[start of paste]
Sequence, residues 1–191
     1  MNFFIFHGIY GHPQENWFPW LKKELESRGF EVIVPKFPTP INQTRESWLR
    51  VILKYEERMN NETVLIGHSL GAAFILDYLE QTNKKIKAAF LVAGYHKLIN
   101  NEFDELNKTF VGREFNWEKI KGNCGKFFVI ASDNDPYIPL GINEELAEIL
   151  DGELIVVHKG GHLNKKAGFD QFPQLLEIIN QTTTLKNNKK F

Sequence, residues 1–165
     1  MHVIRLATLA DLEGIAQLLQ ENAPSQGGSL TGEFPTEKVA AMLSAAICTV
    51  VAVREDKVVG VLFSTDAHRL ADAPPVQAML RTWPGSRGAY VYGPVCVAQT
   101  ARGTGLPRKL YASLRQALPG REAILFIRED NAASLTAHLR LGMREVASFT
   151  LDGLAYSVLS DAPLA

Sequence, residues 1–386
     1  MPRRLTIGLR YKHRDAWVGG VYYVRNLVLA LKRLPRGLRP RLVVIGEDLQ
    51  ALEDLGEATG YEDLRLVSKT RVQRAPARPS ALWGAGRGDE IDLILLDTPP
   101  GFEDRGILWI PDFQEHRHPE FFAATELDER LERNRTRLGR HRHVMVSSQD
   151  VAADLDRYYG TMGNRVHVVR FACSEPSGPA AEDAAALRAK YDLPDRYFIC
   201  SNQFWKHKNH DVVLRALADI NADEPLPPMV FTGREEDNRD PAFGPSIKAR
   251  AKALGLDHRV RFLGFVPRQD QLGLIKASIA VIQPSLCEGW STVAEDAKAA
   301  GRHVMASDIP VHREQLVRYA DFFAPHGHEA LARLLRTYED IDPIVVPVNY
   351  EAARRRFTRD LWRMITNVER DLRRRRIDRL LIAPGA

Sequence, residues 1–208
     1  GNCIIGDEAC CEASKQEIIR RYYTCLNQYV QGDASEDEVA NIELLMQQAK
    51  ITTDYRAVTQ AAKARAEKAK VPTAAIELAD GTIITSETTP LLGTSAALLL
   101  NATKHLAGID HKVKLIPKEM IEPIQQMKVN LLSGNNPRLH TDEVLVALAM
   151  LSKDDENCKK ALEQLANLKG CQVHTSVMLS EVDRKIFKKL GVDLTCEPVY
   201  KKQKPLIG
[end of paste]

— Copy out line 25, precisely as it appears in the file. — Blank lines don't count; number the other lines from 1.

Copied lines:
   201  KKQKPLIG